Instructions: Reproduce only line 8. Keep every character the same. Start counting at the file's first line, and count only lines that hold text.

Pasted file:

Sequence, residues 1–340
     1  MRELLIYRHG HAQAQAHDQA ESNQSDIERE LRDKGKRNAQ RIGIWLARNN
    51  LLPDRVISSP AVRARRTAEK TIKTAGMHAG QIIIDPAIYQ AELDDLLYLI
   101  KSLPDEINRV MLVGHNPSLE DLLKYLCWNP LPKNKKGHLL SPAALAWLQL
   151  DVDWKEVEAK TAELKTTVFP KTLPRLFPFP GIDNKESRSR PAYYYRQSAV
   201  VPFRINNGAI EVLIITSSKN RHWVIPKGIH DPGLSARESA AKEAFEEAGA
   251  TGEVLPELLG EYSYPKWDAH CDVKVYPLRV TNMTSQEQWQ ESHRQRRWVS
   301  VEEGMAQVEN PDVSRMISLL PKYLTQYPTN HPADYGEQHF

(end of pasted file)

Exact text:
   301  VEEGMAQVEN PDVSRMISLL PKYLTQYPTN HPADYGEQHF